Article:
As he watched NASA's Gene Cernan step on the surface of the moon, Hernandez said he felt a "calling." He decided right then that he wanted to become an astronaut, saying, "Lucky enough, my parents were very supportive." He was rejected by NASA eleven times before on the 12th attempt, he was selected to be a part of the space agency's 19th class of astronauts.

In 2009, he launched aboard the second-to-last Space Shuttle mission and spent 14 days in orbit on the International Space Station. He sent the first Spanish-language tweet from the ISS.

Upon arriving back to Earth, Hernandez said he was surprised to find out he had become a hero in his community and one of the most-requested astronauts for speaking engagements at the time.

"The response, especially from the Hispanic community and Hispanic news media, was tremendous," he said. "I quickly realized that I, overnight, became a role model to a lot of kids."

Hernandez said he tried to embrace this role, and showed up at every event and school that he could, urging students of color to quite literally reach for the stars.

"I represented a lot of hope for a lot of people because it's one thing seeing an astronaut, it's another seeing someone that looks like you, that talks like you, that came from the same socio-economic background you're from," he said. "And yet, you see them with the flight suit. And so then they begin to visualize themselves in that flight suit."

"That's what my dad did when he empowered me, he said, 'I believe in you,'" Hernandez added. "That's what I tried to do with these kids, I said look at my story, I could trade poor stories with the rest of you, and I was able to make it and so can you."

Kate Howell, of the space exploration nonprofit Planetary Society, told ABC News that agencies like NASA sending humans on scientific and exploratory missions is "closest that we're going to get to space travel being for the people."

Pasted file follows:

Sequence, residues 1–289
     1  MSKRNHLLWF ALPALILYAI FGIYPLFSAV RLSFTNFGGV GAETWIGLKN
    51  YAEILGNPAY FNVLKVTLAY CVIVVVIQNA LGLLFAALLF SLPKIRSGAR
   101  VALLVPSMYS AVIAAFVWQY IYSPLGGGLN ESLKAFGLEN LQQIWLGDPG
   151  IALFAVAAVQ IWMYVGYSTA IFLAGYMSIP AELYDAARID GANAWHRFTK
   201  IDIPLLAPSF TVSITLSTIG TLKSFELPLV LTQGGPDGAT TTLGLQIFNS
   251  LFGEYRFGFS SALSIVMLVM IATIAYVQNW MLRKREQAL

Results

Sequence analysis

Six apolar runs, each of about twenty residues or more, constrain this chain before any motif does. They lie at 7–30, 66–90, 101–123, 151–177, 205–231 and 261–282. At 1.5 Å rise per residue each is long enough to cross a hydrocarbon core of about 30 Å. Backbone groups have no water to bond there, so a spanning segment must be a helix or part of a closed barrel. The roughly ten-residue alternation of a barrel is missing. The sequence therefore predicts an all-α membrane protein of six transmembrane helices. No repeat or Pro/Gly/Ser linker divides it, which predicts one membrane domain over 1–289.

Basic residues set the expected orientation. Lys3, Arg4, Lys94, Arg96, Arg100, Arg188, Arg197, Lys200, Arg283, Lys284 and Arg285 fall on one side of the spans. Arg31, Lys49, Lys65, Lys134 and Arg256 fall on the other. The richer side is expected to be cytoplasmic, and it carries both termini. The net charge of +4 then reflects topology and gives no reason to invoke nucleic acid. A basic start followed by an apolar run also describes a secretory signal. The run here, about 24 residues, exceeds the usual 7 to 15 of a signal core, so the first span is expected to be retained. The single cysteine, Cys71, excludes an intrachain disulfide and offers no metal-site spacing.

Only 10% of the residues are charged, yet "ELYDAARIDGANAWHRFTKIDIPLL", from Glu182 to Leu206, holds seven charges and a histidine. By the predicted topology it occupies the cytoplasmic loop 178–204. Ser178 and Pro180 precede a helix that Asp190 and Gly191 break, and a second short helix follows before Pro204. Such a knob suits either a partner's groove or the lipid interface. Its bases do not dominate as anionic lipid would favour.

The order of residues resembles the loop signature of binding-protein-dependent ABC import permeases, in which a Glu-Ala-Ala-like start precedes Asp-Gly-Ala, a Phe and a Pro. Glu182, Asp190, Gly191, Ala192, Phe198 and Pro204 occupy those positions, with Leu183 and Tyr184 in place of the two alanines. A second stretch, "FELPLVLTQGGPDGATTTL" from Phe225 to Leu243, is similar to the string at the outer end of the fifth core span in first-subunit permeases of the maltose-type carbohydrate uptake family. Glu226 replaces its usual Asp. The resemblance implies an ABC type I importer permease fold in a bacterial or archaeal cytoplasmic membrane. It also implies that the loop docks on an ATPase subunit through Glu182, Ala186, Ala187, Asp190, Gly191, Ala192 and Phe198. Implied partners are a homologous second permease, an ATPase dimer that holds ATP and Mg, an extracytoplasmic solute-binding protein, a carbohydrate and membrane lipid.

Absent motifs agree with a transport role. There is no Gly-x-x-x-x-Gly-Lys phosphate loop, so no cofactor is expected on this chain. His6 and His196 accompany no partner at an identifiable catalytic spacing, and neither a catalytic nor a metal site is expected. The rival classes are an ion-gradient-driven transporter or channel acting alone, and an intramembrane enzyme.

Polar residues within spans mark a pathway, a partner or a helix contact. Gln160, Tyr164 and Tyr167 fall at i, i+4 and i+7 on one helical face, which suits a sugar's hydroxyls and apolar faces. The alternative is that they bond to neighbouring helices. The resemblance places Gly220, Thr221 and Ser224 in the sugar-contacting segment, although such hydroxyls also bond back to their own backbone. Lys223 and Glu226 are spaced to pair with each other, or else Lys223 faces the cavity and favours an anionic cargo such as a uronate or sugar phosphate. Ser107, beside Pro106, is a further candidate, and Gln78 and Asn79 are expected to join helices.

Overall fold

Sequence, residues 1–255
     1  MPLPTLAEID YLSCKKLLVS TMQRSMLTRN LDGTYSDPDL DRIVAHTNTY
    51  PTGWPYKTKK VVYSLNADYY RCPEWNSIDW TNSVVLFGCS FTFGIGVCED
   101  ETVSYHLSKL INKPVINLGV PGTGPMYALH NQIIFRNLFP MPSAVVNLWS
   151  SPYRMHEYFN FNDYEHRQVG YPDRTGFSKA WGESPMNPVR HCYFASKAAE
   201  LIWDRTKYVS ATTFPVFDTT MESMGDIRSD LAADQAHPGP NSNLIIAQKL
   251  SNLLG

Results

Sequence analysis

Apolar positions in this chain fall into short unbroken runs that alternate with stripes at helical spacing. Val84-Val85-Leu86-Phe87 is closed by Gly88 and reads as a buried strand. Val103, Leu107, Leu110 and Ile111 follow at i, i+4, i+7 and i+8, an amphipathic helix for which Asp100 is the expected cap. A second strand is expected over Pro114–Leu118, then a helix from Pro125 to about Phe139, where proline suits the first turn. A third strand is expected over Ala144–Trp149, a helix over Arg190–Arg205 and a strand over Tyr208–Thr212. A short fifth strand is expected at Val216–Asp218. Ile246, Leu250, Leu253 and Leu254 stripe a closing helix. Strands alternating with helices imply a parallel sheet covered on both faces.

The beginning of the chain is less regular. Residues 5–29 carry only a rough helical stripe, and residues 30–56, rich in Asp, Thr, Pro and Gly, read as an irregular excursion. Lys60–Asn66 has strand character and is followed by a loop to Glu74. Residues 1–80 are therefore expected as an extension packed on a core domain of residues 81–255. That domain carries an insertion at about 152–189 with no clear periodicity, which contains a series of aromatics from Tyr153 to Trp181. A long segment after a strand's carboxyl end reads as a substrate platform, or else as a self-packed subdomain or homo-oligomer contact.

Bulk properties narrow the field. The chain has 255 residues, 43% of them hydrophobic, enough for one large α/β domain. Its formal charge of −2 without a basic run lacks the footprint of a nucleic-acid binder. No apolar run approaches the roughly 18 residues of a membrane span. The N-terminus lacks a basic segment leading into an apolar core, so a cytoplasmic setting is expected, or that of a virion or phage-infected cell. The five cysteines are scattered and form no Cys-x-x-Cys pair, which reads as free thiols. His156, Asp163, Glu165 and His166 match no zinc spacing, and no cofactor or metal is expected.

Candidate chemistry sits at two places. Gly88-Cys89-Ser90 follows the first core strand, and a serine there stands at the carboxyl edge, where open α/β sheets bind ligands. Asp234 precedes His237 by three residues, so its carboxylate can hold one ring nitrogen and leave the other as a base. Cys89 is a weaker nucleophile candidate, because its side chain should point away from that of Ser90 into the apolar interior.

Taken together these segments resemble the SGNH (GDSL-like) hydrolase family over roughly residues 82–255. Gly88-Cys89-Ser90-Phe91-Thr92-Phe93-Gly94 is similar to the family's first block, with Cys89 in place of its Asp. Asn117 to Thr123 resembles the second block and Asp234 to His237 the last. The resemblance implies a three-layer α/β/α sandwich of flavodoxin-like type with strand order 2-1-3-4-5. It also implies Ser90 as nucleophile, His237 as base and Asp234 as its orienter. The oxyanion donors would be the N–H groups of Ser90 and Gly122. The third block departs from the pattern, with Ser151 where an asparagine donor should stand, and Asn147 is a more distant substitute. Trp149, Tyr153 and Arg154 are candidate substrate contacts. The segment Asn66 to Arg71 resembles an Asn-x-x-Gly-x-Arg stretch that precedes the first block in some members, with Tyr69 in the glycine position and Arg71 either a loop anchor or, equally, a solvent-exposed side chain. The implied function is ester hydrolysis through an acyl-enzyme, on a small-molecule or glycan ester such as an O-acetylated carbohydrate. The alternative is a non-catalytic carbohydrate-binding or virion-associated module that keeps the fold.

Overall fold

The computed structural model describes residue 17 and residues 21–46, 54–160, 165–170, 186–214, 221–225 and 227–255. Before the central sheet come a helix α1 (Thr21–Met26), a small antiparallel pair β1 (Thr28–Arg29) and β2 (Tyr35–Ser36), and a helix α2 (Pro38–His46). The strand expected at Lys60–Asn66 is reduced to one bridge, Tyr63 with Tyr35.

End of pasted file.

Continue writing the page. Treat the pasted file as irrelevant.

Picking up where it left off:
"If an astronauts sets foot on Mars, for example, that's kind of being done on behalf of all humankind," she said. "It's not just about that individual astronaut's experience, they're there on a mission to learn things, to discover things."

Howell said she thinks it is important to distinguish "space tourism" from "space science and exploration."

While Blue Origin and Virgin Galactic are selling tickets for the first space tourists, both companies have expressed interest in assisting space agencies on science missions as well.

"A lot of people lump sort of all things space into the same category, or see this tourism industry as sort of the evolution of humanity's activities in space, but I really see them as separate endeavors," she said. "Space tourism, I think the criticisms that are being levied against that industry are fair, but humanity is still going to continue to explore space in scientific ways that do benefit everybody."

MORE: What to know about Richard Branson's spaceflight, as billionaires race to the cosmos
Blue Origin, Virgin Galactic and SpaceX are some of the well-known names in the budding commercial space industry, but a slew of smaller firms are also emerging. In 2020, investors poured almost $9 billion into private space companies, according to a report earlier this year from consulting firm McKinsey.